Comprehensive is physical damage coverage for your vehicle. It is sometimes referred to as other-than-collision coverage because it usually covers what collision does not. Comprehensive insurance provides coverage if your vehicle is damaged by:
- Weather events
- Natural disasters
- An animal
- Theft of the vehicle
- Falling objects
Broken windows or windshields are also covered under comprehensive insurance coverage. A deductible may apply to use this coverage. Comprehensive is usually optional unless you have a loan or lease and the lender requires it.
Collision insurance provides physical damage coverage if your vehicle is damaged by hitting another object. Objects include another vehicle or item other than an animal. Collision insurance is most often used when you are at fault in an accident, and your car needs to be repaired or is totaled. A deductible applies, and it is deducted from your claims payout amount when your auto insurer pays your claim. Like comprehensive, collision is usually optional unless a lender requires it.
A deductible is an amount you pay out of pocket to help cover repairs from an insurance claim. Not all coverages have a deductible. Comprehensive, collision and uninsured motorist property damage are the most common auto insurance deductibles. You can usually choose your comprehensive and collision deductible, but the state typically has statewide uninsured motorist and PIP deductibles.
When you choose a deductible, the higher the amount, the lower your premium. But if you have to file a claim, you have to pay more out of pocket. If your vehicle is totaled, the insurance company will deduct the deductible amount from the market value. For example, if your car is totaled with a value of $4,500, but you have a $1,000 deductible, you will receive $3,500. If your vehicle needs to be repaired after an accident, you are responsible for paying the $1,000 deductible to the repair shop and the insurance company pays the rest.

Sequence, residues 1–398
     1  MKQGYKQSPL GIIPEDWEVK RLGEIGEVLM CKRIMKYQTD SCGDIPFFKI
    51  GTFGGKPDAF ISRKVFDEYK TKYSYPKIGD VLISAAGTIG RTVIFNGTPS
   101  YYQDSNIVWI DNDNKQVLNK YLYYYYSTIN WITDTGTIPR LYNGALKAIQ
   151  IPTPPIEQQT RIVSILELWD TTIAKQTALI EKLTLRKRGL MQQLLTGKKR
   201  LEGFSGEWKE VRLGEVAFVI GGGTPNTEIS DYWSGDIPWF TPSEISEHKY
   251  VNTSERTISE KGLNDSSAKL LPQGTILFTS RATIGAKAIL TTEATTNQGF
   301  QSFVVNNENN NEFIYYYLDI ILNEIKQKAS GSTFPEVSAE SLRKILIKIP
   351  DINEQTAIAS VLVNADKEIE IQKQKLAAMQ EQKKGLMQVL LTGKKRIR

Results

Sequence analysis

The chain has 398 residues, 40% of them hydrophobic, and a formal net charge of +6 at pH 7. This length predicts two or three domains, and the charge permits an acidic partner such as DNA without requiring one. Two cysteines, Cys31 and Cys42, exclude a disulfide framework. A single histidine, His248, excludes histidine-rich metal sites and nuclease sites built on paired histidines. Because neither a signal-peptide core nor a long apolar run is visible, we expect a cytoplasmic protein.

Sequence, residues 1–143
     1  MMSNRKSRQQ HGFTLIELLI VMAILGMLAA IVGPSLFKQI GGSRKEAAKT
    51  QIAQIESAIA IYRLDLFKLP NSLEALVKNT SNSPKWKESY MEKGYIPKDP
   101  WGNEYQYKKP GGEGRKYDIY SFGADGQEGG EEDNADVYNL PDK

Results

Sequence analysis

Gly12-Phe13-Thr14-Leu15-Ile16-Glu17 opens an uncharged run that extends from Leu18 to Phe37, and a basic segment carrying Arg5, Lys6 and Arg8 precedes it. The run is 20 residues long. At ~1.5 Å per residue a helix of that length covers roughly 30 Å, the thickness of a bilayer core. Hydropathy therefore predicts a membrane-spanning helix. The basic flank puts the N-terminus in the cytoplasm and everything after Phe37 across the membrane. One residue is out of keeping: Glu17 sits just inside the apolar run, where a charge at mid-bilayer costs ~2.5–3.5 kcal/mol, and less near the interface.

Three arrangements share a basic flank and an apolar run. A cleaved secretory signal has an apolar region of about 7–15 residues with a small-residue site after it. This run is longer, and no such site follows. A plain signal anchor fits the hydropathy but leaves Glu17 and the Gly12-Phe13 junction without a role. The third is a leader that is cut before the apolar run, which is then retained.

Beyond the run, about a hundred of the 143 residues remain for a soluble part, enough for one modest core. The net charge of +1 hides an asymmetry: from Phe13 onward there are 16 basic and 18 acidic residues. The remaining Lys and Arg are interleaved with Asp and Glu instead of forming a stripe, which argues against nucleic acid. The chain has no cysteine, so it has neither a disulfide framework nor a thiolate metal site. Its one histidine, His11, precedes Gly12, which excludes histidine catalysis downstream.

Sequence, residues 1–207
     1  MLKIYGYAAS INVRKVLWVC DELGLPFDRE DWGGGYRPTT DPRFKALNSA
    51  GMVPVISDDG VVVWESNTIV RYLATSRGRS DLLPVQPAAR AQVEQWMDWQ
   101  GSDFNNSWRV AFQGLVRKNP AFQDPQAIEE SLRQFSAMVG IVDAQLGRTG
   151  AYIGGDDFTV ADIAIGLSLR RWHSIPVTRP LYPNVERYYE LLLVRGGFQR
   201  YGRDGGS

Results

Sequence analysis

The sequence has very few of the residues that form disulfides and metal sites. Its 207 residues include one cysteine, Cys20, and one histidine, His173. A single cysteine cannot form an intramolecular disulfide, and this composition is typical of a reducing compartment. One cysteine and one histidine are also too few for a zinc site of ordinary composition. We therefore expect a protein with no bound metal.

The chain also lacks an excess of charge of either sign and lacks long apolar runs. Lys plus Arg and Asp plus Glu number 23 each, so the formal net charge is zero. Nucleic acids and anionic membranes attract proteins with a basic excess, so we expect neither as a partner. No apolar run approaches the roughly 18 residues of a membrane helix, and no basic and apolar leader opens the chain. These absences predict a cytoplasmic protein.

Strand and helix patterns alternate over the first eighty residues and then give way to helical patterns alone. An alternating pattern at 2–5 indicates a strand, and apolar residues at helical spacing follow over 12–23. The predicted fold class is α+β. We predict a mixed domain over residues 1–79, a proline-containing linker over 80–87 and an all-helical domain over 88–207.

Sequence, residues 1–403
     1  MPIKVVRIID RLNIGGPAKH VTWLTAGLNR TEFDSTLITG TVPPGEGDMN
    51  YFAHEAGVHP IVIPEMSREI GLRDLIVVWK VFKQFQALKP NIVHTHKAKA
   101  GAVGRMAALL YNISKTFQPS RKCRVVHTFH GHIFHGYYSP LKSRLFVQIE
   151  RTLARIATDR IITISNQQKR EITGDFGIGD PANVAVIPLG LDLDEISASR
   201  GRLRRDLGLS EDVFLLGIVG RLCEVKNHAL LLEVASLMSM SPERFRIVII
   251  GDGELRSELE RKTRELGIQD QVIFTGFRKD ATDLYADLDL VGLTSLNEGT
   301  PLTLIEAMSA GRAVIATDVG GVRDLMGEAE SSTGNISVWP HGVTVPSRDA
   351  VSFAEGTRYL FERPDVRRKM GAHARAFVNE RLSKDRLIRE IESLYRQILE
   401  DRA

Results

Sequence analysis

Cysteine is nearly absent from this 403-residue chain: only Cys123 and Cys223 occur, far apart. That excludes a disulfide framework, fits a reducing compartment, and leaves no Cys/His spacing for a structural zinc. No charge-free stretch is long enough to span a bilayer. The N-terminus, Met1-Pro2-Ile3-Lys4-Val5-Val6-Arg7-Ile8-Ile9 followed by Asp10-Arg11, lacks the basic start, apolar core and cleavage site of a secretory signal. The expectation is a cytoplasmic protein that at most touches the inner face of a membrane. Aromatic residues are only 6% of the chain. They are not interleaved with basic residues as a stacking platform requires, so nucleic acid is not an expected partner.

7. Optional Coverage
Optional coverages, sometimes referred to as add-on coverages, are coverages you can include in your car insurance policy but are not required. These coverages generally include:
- Full glass coverage
- Rental car reimbursement
- Roadside assistance
- Gap insurance
- New car replacement
The premium is the amount you pay to your insurer for your auto insurance policy. How much you pay will vary by insurance company. Many factors go into determining your premium, such as:
- ZIP code (except in CA and MI)
- Age (except in HI)
- Marital status (except in MI)
- Driving record
- Claims history
- Year, make, model of your vehicle
- Coverages and deductibles selected
Many auto insurance policies are effective for six months, though annual insurance policies are also an option with many insurers. You can pay the insurance in a lump sum, but most companies offer different payment options, such as monthly payments.
9. Full coverage
Full coverage car insurance is a term that refers to liability and physical damage coverage to help cover you and your vehicle. Most often, full coverage includes state-mandated coverage plus comprehensive and collision coverage. Add-on coverages like roadside assistance and rental car reimbursement may also be included in full coverage.
While the state may not require you to carry full coverage auto insurance, a lender likely will if your vehicle is financed or leased. It is important to understand the terms of your loan or lease, just like understanding auto insurance terms.